Controversial plans to demolish Motorworld store in Newtown and replace with flats expected to be approved by Powys County Council.
Controversial plans to demolish the former Motorworld store in Newtown and replace it with a block of flats are expected to be approved.
Planning officers say the revised application – lodged after an earlier version was refused – addresses previous concerns around the impact the development would have on the town’s conservation area and nearby historic buildings.
But the final decision rests with Powys County Council’s planning committee, which will meet later this week to vote on the proposals.
The scheme has been scaled back after it was rejected by the committee in March, with the height of the building dropped by 2.2 metres and the number of flats reduced from six to four. The ground floor will contain retail space.
The application has been called-in by Newtown East councillor Joy Jones. She said: “There is a general feeling in the area that the building is still going to be to high and out of keeping with other properties surrounding it.”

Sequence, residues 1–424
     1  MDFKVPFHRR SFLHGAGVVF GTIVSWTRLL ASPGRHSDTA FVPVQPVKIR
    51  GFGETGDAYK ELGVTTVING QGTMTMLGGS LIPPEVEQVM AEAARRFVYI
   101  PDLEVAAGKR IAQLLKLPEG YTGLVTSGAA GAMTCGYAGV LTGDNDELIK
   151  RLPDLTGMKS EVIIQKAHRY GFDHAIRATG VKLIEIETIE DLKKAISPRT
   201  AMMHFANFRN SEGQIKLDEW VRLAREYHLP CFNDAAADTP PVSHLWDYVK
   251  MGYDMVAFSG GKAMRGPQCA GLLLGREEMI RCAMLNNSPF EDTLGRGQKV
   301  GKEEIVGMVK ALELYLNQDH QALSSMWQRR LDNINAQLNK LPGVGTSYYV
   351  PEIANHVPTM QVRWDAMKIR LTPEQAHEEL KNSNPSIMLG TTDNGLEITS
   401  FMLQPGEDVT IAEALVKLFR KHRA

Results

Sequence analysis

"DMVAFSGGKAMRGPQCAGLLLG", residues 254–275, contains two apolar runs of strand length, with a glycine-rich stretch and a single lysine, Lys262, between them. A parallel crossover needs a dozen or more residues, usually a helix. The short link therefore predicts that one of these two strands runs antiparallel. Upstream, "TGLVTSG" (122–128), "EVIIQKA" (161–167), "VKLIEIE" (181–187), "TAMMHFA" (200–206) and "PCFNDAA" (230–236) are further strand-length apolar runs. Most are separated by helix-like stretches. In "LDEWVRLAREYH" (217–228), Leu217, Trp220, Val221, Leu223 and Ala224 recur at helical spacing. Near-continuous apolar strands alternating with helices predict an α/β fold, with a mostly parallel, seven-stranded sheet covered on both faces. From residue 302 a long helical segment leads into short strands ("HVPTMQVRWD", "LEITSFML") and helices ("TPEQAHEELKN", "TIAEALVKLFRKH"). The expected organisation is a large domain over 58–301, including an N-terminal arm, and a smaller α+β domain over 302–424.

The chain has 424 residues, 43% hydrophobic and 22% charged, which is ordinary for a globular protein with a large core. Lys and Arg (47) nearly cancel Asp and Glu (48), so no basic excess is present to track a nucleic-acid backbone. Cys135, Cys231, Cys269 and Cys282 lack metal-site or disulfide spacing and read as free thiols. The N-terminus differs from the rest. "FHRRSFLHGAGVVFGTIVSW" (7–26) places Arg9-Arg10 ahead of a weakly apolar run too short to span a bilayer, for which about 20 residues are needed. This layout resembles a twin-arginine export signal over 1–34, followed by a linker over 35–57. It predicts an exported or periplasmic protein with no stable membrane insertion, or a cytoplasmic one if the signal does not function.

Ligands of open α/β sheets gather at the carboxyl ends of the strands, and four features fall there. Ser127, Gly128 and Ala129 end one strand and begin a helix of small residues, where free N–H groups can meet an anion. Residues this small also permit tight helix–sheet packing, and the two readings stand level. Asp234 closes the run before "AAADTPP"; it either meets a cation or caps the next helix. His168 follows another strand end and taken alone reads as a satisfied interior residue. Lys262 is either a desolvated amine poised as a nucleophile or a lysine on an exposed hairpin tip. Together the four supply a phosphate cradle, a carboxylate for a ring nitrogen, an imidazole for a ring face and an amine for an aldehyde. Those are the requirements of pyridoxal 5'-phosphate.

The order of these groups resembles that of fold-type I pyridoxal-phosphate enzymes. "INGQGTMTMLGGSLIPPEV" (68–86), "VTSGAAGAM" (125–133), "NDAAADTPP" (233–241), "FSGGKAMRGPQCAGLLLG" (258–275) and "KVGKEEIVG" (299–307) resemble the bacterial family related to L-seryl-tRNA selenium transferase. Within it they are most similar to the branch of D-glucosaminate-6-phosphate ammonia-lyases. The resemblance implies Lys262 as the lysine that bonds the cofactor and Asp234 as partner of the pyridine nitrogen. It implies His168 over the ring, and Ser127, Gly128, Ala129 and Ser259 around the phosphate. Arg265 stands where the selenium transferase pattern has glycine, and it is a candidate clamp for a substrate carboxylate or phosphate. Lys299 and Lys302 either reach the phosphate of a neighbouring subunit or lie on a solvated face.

A report to the committee by senior planning officer Rhian Griffiths says there were 50 objections and nine letters of support received in response to the plans from members of the public.
Conservation officer Dr Sam Johnson said: “The site is sensitive when entering the conservation area, it is near the Robert Owen Memorial and several timber frame buildings on The Bank.
“There are a variety of heights of buildings within the vicinity of the proposal, it is generally taller than its immediate neighbours, but is in line with the height of three storey buildings on Gas Street and within the Newtown centre.
“Variety of height within a street scene is not unusual within parameters, and in this location would not be out of place.”
Dr Johnson had been highly critical of the previous application and blasted the applicant, Nigel Bryant of Surrey-based firm Manip Ltd, for repeatedly amending the plans, saying it was “not the correct way to design development”.
Ms Griffiths’s report notes public objections around the design of the building, including the proposed double apex to the front, but says Dr Johnson is satisfied that this is not out of keeping in Newtown.
She adds that it “reduces the overall massing of the building” and allows solar panels to be installed discretely.
Ms Griffths also notes other concerns about the impact on existing residents in terms of noise, loss of privacy, overbearing and loss of light.
However the report says that, given the proposed building is set at a lower level than existing properties and across the road, “it is not considered that the development would unacceptably affect amenities enjoyed by the occupants of neighbouring properties”.
It adds that “a certain level of noise is expected in town centres in any case”.
The planning committee will meet to decide the application on Thursday.
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